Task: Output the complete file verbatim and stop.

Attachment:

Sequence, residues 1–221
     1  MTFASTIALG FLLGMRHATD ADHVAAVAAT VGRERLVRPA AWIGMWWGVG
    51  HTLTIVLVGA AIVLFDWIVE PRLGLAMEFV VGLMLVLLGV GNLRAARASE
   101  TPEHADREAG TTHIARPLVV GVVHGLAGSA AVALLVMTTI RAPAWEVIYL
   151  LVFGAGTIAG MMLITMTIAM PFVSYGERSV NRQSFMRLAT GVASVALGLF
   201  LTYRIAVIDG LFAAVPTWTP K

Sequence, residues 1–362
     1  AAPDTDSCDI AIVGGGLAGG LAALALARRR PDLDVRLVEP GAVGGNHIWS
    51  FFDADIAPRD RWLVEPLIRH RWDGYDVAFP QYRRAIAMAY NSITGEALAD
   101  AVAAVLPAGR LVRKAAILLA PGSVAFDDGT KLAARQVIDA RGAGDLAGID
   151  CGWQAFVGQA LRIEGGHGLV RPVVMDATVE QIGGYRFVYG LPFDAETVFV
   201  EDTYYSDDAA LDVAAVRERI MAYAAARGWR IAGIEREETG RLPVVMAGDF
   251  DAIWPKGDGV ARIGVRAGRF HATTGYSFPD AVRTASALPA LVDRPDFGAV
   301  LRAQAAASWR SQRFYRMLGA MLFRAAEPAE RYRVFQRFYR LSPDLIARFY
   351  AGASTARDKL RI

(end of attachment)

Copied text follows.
Sequence, residues 1–221
     1  MTFASTIALG FLLGMRHATD ADHVAAVAAT VGRERLVRPA AWIGMWWGVG
    51  HTLTIVLVGA AIVLFDWIVE PRLGLAMEFV VGLMLVLLGV GNLRAARASE
   101  TPEHADREAG TTHIARPLVV GVVHGLAGSA AVALLVMTTI RAPAWEVIYL
   151  LVFGAGTIAG MMLITMTIAM PFVSYGERSV NRQSFMRLAT GVASVALGLF
   201  LTYRIAVIDG LFAAVPTWTP K

Sequence, residues 1–362
     1  AAPDTDSCDI AIVGGGLAGG LAALALARRR PDLDVRLVEP GAVGGNHIWS
    51  FFDADIAPRD RWLVEPLIRH RWDGYDVAFP QYRRAIAMAY NSITGEALAD
   101  AVAAVLPAGR LVRKAAILLA PGSVAFDDGT KLAARQVIDA RGAGDLAGID
   151  CGWQAFVGQA LRIEGGHGLV RPVVMDATVE QIGGYRFVYG LPFDAETVFV
   201  EDTYYSDDAA LDVAAVRERI MAYAAARGWR IAGIEREETG RLPVVMAGDF
   251  DAIWPKGDGV ARIGVRAGRF HATTGYSFPD AVRTASALPA LVDRPDFGAV
   301  LRAQAAASWR SQRFYRMLGA MLFRAAEPAE RYRVFQRFYR LSPDLIARFY
   351  AGASTARDKL RI